Director: Kamal Haasan
Cast : Kamal Haasan, Rahul Bose, Andrea Jeremiah, Pooja Kumar, Shekhar Kapur
The modestly hyped yet much anticipated Vishwaroopam 2 has just hit the screens, and most of us were hoping against the odds that an exciting, high-octane spy thriller would unfold. Things like a hero who’d stretch the human physique to the extremes, women who double up as agents and are capable of holding their own, villains who are brutally strong and yet vague enough to not be seen as just ‘bad guys’... Well, part two of this Kamal Haasan directed, produced and written film has some of these elements that work, and a bunch of others that tend to go nowhere.
The story of secret agent Wisam Ahmad Kashmiri aka Vis continues here, and the film opens with Vis (Kamal) in an airplane with his two ladies, Nirupama (Pooja Kumar) and Ashmita (Andrea Jeremiah.) Vis’s face is stitched up, and he maintains this battered, sleep-deprived, recently hospitalized look for most of the film. While Nirupama is his wife, Ashmita is nosy and flirtatious to such an extent that it suggests of Vis having a one-way open relationship with his wife (which isn’t really open...)
Then the story begins, and the narrative is a back-and-forth between the UK, flashbacks from Afghanistan, and another alternative timeline in India. Right now, Vis doesn’t know of his own goals until the conspirators, who are threatening to submerge London under water, trickle down one by one. Meanwhile, the truth of his activities in part one in Afghanistan is revealed over the course of the film. Omar (Rahul Bose), his Al-Qaeda ‘buddy,’ has plenty of qualms and exacts to take revenge on Vis for all the sufferings he has endured. And in the middle, we get an interlude that shows Kamal’s mom (Waheeda Rahman) suffering from Alzheimer’s disease. Although forever confined to a nursing home, her poise and strangely open-minded take on things (due to her disease) is a heartfelt moment in an otherwise harsh landscape.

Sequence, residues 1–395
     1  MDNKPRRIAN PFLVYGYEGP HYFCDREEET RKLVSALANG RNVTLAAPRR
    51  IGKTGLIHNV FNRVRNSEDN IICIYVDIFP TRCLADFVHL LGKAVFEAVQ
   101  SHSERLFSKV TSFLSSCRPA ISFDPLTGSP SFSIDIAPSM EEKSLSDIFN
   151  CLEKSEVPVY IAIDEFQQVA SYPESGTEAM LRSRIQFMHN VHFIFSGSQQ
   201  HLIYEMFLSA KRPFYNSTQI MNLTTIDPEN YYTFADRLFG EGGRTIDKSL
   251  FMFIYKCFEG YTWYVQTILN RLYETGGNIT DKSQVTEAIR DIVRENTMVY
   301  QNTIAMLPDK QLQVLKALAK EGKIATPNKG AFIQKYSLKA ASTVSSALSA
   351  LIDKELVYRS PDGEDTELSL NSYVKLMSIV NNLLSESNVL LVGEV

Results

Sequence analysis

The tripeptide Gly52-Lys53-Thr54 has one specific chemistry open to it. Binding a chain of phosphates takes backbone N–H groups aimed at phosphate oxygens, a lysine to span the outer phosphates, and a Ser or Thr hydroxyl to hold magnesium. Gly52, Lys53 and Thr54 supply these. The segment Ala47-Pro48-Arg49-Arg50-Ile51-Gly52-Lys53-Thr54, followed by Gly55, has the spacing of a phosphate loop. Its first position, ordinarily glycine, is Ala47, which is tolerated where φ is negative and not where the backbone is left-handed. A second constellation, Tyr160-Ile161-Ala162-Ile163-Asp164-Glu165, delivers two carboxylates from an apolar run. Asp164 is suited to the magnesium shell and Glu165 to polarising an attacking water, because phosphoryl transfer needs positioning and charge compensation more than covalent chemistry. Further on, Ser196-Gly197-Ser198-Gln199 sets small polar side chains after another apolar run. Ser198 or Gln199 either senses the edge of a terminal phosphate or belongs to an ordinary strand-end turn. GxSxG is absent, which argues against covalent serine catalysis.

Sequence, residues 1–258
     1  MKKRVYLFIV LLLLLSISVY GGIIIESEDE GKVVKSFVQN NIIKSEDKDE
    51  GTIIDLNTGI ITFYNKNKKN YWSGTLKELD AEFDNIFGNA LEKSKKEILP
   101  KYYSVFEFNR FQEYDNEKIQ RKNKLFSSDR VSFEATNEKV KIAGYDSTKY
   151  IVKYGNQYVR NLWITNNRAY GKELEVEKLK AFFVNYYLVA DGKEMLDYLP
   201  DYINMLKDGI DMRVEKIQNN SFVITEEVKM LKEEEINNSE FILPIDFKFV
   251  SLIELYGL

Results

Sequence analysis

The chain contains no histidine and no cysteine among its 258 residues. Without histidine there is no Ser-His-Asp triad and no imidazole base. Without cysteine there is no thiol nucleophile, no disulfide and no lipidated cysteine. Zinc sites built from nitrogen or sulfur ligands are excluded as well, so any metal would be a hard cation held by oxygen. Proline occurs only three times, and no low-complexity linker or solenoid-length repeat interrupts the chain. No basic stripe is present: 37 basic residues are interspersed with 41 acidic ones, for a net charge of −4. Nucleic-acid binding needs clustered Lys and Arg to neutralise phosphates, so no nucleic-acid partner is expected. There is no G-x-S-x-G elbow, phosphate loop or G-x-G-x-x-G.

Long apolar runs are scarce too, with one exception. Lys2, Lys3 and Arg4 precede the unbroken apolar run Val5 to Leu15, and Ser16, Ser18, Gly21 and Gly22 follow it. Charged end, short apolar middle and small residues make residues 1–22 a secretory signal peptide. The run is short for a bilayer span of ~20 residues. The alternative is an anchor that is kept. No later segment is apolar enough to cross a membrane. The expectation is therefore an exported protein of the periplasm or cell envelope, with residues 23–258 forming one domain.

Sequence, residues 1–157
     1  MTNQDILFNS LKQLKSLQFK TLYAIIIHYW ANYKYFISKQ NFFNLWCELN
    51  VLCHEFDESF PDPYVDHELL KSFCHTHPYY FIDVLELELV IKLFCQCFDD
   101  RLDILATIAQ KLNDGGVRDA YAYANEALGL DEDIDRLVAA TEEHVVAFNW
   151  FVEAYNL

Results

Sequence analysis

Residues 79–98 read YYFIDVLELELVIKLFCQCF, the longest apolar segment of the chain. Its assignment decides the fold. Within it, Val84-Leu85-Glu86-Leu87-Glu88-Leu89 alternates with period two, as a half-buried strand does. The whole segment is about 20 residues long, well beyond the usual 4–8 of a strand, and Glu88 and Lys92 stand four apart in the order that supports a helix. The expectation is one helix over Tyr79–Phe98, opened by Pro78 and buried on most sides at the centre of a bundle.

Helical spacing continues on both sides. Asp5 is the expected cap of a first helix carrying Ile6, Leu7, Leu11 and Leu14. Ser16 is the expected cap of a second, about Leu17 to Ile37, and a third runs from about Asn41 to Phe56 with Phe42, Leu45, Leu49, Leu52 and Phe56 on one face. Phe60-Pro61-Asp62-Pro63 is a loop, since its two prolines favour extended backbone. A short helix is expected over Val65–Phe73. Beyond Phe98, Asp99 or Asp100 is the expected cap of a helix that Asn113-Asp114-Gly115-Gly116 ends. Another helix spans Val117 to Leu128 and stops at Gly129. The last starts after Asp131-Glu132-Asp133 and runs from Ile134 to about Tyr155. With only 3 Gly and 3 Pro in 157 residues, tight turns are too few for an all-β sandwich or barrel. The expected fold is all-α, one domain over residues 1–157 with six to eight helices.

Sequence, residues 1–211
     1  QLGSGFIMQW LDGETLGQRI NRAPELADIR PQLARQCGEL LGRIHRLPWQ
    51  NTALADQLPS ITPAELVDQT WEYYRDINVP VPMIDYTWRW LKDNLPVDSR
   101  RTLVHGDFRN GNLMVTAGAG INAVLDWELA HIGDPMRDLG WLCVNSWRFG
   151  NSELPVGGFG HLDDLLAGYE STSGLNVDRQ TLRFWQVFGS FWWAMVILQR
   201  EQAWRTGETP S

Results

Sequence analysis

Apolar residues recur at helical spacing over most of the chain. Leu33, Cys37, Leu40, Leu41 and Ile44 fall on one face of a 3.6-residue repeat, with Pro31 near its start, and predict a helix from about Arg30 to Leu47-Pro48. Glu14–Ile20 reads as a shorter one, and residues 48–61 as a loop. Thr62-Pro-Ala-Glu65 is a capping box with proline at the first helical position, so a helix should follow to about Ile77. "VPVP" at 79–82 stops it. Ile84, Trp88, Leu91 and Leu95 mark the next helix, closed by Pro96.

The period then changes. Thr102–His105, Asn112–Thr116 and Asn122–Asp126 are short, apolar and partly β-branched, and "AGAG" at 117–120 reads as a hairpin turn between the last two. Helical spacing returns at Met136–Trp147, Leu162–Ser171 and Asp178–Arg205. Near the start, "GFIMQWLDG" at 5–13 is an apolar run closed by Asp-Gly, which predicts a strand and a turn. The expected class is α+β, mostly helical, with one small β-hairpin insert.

Vishwaroopam 2 has one too many sub-plots to make it coherent. Will the battered and bruised Vis save London and the UK? No worry, his wife, who’s a nuclear oncologist, suddenly shreds her demure nature and becomes a woman of action. In the middle, he casually saves Delhi from a bomb blast, and towards the end, when even more bombs threaten his own back and his family, not even the beatings and bruises of a lifetime will stop Kamal from freeing his chains and defeating his adversaries.
To be fair, most of these stunts and action sequences are riveting and enjoyable. Kamal is ever present with his dry wit and self-aware punch dialogues, which also brings his political aspirations to the fore. He is relentless and although he looks burnt out due to Vis’s heavy workload, his brains never tire and is always a step ahead of his numerous halfwit villains. Enjoyable in parts!